Graduate school is finally starting up, and I really think that I am going to like it at UTA. This first semester I am taking advanced genetics, population genetics, a natural selection seminar, and independent study with my advisor. I have a lot of catching up to do in my understanding of genetics, but the advanced genetics course is really a fast paced review of general genetics so that will certainly help out.
For my independent study I am reviewing a lot of old literature on Coleoptera cytogenetics which is really interesting. It is amazing how diverse the genomes of Coleoptera have become in 250 million years. My genetics professor mentioned that genomes are much more modular and adaptable than we once thought. This is really obvious in my cytogenetics review when you see how often closely related species posses strikingly divergent karyotypes.
My advisor is also passing a lot of interesting speciation genetics books and articles my way. Yesterday I read chapter 19 out of Endless Forms: Species and Speciation. This chapter by William Rice is a look at the different types of evolutionary conflict and the relative importance of interspecific vs intraspecific sources of conflict. Rice thinks that the importance of intergenomic conflict has been underestimated as a source for the genetic divergence that leads to reproductive isolation.
Intergenomic conflict is basically conflict between two members of the same species involving coevolution were one group, say males, evolves an advantage that the females evolve a response to and this continues over and over again.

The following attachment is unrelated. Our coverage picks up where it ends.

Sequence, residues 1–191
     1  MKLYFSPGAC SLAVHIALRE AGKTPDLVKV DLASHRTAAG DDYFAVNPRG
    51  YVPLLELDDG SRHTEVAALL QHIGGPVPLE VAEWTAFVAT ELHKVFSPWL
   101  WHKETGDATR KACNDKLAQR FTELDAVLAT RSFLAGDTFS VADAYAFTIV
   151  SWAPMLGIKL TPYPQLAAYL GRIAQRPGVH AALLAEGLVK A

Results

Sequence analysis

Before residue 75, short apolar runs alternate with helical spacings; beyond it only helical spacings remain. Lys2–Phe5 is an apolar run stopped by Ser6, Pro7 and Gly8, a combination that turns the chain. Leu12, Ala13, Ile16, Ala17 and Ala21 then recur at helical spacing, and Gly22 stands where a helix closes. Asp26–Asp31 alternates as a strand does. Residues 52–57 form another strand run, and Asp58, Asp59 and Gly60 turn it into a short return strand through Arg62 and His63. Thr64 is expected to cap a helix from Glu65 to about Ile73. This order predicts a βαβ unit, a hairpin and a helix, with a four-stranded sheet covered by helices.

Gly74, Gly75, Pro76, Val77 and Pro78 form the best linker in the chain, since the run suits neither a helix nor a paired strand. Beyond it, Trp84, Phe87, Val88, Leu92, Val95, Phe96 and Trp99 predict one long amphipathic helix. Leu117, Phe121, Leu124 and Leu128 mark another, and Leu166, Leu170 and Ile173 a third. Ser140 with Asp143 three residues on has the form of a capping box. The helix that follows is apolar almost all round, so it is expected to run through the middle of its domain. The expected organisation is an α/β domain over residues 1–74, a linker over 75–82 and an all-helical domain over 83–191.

To support the theory that intergenomic conflict is an important source of evolutionary conflict Rice designed a simple experiment that shows, at a minimum, that there is ample genetic diversity to allow evolution in this area. His experiment used a Drosophila melanogaster line to mimic a hybridogenetic breeding system. In the case of his experiment it was the males that were semiclonal. He bred this population for 30 generations always drawing the females for each generation from a stock population. This allowed the males to evolve without allowing the females to evolve in response. At the end of this process he bred original stock males and the line bred males with the original stock females. Looking at a number of categories (fertilization, number of offspring, remating, etc.) he found that the new males were roughly 20% more successful than the stock males.
I have known for years that many beetles can only be distinguished by examining the genitalia, but I had never really stopped to consider the evolutionary meaning behind this. After reading this though it is easy to imagine that a slight change in the shape of a male genitalia might allow for a better fertilization rate or reduce the likelihood of subsequent males success in remating.
For details on the "clone generator" females that allowed him to mimic a hybridogenetic breeding system read his chapter:
1998 Rice, W. R. Intergenomic conflict, interlocus antagonistic coevolution, and the evolution of reproductive isolation. pp. 261-270 In: Howard, D. J., & Berlocher, S. H. (Eds.) Endless Forms: Species and Speciation. Oxford University Press.